In September 2022 the DfE updated the guidance on Searching, Screening and Confiscation. There should be a direct link between this guidance and the school’s safeguarding and child protection policy and also to Sharing nudes and semi-nudes: advice for DSLs and Senior Leaders. Advice for the rest of the school staff is in the form of a one page summary Sharing nudes and semi-nudes: how to respond to an incident with clear guidance that they should report to the designated safeguarding lead immediately. If staff are dealing with an incident regarding an inappropriate image online, they may need to rely on the guidance in relation to searching, screening and confiscation as well. Staff should not view or forward illegal images of a child – the guidance advises what to do where viewing an image is unavoidable. When there is suspicion that there is an indecent image of a child and/or video, the member of staff should avoid looking at the device and confiscate it, to preserve evidence to hand over to the Police. These guidance documents do not apply to adults sharing nudes or semi-nudes of under 18 year olds as this is child sexual abuse and it is crucial to refer to the Police as a matter of urgency.
Top Tips for Best Safeguarding Practice
- Ensure your behaviour policy reflects the updated Searching, Screening and Confiscation guidance and the focus on safeguarding and update any other linked policies.
- The behaviour policy should be accessible to all members of the school community, staff, parents and children. This is part of schools’ statutory responsibility and referenced in Keeping Children Safe in Education 2022
- Review your policies as well as your practice to ensure they are consistent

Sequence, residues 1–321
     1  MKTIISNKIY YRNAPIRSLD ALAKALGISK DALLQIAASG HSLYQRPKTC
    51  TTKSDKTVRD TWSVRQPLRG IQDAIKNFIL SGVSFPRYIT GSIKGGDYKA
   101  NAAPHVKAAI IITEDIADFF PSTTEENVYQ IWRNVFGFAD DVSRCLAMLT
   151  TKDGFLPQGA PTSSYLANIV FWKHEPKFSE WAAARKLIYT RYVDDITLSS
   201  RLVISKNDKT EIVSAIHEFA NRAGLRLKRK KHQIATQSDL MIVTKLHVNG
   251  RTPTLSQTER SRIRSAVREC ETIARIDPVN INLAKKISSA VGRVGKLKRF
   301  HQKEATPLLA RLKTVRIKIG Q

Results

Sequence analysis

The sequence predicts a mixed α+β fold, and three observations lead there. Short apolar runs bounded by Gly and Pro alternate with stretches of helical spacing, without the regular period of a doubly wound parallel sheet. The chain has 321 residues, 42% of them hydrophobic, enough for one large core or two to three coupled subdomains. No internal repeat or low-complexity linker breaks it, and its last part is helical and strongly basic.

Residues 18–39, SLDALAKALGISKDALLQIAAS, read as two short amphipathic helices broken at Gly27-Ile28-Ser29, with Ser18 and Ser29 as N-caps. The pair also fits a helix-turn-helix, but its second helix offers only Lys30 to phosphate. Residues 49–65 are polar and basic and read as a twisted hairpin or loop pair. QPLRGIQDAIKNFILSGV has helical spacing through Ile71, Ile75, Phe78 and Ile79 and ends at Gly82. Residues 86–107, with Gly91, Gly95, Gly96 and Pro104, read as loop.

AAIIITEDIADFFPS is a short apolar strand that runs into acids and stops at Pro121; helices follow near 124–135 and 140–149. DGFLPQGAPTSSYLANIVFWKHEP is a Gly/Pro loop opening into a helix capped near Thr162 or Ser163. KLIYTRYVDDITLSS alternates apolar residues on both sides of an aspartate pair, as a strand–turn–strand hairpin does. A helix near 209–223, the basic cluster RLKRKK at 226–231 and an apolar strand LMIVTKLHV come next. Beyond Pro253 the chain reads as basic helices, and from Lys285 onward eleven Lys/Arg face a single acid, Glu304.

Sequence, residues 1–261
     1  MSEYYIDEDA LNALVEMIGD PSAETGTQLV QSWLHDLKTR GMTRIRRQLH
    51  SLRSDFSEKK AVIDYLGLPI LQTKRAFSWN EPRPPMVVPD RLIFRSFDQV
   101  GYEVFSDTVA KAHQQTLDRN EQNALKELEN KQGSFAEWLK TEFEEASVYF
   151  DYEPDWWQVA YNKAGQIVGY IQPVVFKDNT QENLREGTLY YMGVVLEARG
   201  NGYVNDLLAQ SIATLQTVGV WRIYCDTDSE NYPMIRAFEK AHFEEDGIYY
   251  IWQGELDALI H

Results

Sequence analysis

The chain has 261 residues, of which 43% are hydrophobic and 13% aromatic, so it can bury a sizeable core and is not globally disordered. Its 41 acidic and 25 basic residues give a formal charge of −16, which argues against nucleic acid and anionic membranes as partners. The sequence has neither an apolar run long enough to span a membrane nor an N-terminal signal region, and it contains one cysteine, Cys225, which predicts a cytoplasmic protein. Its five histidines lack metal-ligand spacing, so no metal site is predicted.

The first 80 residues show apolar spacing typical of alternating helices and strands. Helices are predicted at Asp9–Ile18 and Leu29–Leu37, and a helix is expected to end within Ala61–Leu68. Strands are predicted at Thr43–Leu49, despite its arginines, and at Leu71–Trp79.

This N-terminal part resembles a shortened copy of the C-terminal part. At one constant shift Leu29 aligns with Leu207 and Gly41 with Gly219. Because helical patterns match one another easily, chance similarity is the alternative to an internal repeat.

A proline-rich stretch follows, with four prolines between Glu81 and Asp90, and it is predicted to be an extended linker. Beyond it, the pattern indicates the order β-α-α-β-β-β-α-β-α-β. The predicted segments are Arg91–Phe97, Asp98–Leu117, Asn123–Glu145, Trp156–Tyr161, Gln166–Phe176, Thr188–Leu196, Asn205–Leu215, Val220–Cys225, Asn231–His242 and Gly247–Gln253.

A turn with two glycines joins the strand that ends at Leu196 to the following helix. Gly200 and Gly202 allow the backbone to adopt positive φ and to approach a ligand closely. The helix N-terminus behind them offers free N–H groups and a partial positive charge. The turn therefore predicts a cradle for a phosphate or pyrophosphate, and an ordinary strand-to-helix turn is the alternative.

- Headteachers should oversee any searching to ensure that a culture of safe, proportionate and appropriate searching is upheld, which safeguards the welfare of all pupils and staff with support from the designated safeguarding lead
- Staff should receive effective training on the guidance – all staff need to know the process and know what to do. For example, they should not just be asking children to see inside their bags.
- Before searching a pupil, the reason for the search should be explained. They should know how they will be searched and where the search will take place. Pupils should be given a chance to ask any questions.
- The cooperation of the pupil must be sought before a search is carried out and if they are not willing to comply with the search, statutory guidance states ‘the member of staff should consider why this is’.
- If a search is still considered necessary, but is not urgent, the pupil should be supervised and kept away from other pupils while the advice of the headteacher, designated safeguarding lead or pastoral lead is sought as they may have more information
- If after consultation with the other members of staff, the pupil is still refusing to cooperate, an assessment should be made as to whether reasonable force should be used to carry out the search
- A member of staff can use ‘such force as is reasonable to search for any prohibited items identified in paragraph 3, but not to search for items which are identified only in the school rules’
- Consider whether to use reasonable force – the DfE’s Use of Reasonable Force states that reasonable force should be considered on a case-by-case basis. Parental consent is not required.
- The power to use reasonable force should be included in the school behaviour policy which should also acknowledge the school’s legal duty to make reasonable adjustments for disabled children and children with special educational needs and disabilities
- Ensure information about the behaviour policy, searching, screening and confiscation and reasonable force are incorporated into your training at induction or thereafter, emphasising that behaviour and safeguarding are interlinked
- Reflect and analyse searches to see if there are patterns and/or high numbers. Are there any groups that are disproportionately impacted? If so, schools should consider preventative approaches.